I hated to do it, but I had to get up and stretch. After sitting for hours I was getting pretty stiff. I was afraid, though I knew he’d forgive me if I missed him. My sister, Martha, gave me a look that was both questioning and understanding. It had been a very long day.
The sky was just beginning to catch the evening fire as I walked out of the back door. I went to the edge of the yard, stopped and watched as the sun dipped towards the lake.
I had forgotten how beautiful it was around Mom and Dad’s house.
Memories of my childhood came back. Playing in the fields just behind my parent’s house. Swims in the lake. Hikes in the hills. I remembered the forts in the woods I made and lazy rainy days watching out of the window.
Dad and I had a major falling out when I was in my early 20s. It was funny, I couldn’t ever remember exactly what it was about, but the resentments lingered. As his sunset years approached, I reached out, tentatively at first. We started to meet over at Martha’s house and last summer he had stayed with me.
But it had been over 35 years since I had been here, to my childhood home.
Martha had called me. I was wanted. No, I was needed. I dropped everything and came as quickly as possible. I had made my peace with Dad in the morning, before it was too late. And then he went to sleep. We all knew he wouldn’t wake again. That is when the waiting began.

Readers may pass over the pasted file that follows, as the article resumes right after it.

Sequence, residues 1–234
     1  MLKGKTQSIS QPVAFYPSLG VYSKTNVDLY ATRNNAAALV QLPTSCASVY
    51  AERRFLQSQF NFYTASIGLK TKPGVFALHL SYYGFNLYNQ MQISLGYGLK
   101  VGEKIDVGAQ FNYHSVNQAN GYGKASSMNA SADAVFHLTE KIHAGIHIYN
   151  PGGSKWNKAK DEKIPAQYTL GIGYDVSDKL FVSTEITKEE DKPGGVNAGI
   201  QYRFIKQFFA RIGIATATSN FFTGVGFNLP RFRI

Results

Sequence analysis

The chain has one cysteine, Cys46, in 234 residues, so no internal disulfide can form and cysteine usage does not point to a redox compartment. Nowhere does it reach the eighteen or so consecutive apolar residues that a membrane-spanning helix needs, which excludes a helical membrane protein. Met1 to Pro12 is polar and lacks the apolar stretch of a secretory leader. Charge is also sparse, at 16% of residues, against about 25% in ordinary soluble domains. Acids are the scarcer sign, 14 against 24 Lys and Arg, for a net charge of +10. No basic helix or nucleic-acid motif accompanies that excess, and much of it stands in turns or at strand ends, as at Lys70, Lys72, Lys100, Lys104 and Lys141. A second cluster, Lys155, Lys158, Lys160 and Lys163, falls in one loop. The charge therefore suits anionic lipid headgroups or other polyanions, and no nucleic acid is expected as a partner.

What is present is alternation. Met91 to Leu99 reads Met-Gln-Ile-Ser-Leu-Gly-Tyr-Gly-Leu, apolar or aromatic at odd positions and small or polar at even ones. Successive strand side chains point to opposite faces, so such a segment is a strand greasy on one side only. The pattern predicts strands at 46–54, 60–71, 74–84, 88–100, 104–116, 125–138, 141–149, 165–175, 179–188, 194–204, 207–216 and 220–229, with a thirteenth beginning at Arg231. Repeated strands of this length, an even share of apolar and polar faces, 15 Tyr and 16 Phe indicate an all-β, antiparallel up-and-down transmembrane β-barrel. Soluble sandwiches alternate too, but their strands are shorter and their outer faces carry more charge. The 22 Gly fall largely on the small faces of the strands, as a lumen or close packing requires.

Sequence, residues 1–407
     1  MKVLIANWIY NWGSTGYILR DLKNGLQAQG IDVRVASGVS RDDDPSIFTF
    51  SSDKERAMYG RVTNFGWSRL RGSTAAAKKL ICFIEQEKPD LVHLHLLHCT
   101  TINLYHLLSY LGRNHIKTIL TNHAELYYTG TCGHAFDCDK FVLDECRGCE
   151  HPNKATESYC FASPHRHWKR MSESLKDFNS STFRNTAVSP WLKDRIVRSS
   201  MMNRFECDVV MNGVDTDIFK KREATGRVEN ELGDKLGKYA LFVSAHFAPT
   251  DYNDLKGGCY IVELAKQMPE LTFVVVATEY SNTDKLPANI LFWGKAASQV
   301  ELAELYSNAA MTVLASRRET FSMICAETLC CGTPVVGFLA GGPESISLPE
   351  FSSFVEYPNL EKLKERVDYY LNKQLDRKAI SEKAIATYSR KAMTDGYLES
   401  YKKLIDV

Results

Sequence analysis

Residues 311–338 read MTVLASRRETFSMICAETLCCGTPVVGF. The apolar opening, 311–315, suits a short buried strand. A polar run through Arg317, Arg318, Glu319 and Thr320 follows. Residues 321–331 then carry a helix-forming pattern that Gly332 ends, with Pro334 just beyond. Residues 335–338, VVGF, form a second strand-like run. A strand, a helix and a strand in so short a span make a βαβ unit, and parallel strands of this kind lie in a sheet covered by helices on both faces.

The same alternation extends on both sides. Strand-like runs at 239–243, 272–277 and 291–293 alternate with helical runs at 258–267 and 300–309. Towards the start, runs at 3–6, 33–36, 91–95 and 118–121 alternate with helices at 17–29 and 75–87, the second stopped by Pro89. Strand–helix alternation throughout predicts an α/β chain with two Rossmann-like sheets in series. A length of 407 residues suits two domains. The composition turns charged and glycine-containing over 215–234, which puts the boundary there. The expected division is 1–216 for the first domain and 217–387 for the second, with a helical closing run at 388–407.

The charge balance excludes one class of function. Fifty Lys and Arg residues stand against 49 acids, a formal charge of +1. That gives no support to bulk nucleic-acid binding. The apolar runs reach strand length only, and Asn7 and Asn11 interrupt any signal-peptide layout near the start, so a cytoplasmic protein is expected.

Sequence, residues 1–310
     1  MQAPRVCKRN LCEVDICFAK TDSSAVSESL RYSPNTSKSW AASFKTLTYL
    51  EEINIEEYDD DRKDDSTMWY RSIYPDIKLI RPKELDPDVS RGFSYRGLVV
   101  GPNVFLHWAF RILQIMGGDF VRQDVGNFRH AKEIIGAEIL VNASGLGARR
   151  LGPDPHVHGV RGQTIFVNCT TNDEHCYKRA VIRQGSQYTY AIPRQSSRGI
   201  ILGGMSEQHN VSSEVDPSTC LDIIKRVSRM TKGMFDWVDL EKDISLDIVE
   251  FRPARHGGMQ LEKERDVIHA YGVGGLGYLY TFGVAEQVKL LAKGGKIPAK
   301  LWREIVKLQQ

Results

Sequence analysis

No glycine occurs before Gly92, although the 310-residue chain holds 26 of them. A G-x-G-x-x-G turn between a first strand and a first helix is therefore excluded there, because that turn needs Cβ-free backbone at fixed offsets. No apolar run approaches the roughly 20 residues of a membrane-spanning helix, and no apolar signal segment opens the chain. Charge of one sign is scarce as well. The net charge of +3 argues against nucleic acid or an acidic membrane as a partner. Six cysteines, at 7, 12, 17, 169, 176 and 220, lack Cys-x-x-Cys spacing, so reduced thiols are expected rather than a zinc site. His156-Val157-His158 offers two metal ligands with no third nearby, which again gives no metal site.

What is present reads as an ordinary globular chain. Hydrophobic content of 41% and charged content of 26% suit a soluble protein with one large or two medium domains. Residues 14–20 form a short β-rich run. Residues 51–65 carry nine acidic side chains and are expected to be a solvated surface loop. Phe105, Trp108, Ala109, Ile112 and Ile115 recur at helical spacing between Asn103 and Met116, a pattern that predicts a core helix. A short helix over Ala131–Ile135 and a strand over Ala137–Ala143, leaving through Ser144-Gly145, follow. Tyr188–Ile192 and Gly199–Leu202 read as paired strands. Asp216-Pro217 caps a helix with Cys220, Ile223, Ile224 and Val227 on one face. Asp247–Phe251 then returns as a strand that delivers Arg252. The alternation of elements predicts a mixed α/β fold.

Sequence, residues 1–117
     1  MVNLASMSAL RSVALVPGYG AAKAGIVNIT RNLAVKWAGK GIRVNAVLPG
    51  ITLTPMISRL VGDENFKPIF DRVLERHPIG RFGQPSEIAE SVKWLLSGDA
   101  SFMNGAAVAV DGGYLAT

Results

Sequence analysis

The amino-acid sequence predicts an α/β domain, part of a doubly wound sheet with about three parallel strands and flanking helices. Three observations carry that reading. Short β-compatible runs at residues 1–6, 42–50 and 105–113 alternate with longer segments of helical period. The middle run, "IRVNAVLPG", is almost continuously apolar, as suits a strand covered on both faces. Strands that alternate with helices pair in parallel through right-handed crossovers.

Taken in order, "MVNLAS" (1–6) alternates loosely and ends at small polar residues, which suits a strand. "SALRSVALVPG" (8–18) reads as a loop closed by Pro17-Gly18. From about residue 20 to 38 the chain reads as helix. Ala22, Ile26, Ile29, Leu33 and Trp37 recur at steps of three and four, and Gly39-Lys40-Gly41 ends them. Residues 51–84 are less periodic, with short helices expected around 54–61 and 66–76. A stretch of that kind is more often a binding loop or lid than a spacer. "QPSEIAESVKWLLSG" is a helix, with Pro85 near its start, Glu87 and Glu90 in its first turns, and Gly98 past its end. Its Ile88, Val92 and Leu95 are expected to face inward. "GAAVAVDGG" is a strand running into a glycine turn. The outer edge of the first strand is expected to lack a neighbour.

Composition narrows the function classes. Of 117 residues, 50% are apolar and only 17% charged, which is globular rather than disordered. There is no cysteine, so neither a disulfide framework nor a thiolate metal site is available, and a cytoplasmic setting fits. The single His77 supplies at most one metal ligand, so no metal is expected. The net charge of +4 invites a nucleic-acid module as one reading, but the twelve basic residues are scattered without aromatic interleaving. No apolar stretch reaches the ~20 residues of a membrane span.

The sun had almost dipped into the lake. When I was four, my dad told me that when the sun hit the water, that fire was put out, which is why we had night. I laughed at the memory, laughed through the tears.
The blue of the sky turned sapphire, and then navy. It continued to darken. The stars were struggling, wanting to come out, but too shy for the little light the sun still cast over the land.
Just as the sun disappeared, Martha came out of the house. She didn’t have to say anything, her face told all. I put my arm around her and continued to watch over the lake as the stars were finally unleashed and the sky exploded into millions of brilliant crystals.
As the dark settled over the land, my mind still wandered the dusky area when evening dies, trying to remember that exact second when I inhaled in the day and exhaled at night. I knew I had missed it and couldn’t recapture it, that I would have to accept the night as it was. The stars began to blur, but not from any atmospheric effect.
I turned to Martha and she nodded. We headed indoors, knowing we would only be greeted by the night.
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